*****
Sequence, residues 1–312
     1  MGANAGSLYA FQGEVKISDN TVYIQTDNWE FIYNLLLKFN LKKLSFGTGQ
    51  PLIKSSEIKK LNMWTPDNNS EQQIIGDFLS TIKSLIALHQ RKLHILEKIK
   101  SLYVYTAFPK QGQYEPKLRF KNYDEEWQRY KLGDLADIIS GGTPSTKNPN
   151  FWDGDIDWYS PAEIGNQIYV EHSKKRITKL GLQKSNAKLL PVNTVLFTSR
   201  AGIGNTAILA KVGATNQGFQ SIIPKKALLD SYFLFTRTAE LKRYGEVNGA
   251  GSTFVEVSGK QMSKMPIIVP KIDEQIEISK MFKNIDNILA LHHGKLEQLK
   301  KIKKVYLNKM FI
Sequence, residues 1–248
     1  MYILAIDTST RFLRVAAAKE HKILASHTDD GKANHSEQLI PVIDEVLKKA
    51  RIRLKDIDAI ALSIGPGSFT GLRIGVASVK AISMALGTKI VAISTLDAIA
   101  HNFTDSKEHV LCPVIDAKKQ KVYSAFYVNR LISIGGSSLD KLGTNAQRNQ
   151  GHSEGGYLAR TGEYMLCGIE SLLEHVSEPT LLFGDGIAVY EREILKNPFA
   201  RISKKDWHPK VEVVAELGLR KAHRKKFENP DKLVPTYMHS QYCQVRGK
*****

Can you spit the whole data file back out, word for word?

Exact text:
Sequence, residues 1–312
     1  MGANAGSLYA FQGEVKISDN TVYIQTDNWE FIYNLLLKFN LKKLSFGTGQ
    51  PLIKSSEIKK LNMWTPDNNS EQQIIGDFLS TIKSLIALHQ RKLHILEKIK
   101  SLYVYTAFPK QGQYEPKLRF KNYDEEWQRY KLGDLADIIS GGTPSTKNPN
   151  FWDGDIDWYS PAEIGNQIYV EHSKKRITKL GLQKSNAKLL PVNTVLFTSR
   201  AGIGNTAILA KVGATNQGFQ SIIPKKALLD SYFLFTRTAE LKRYGEVNGA
   251  GSTFVEVSGK QMSKMPIIVP KIDEQIEISK MFKNIDNILA LHHGKLEQLK
   301  KIKKVYLNKM FI
Sequence, residues 1–248
     1  MYILAIDTST RFLRVAAAKE HKILASHTDD GKANHSEQLI PVIDEVLKKA
    51  RIRLKDIDAI ALSIGPGSFT GLRIGVASVK AISMALGTKI VAISTLDAIA
   101  HNFTDSKEHV LCPVIDAKKQ KVYSAFYVNR LISIGGSSLD KLGTNAQRNQ
   151  GHSEGGYLAR TGEYMLCGIE SLLEHVSEPT LLFGDGIAVY EREILKNPFA
   201  RISKKDWHPK VEVVAELGLR KAHRKKFENP DKLVPTYMHS QYCQVRGK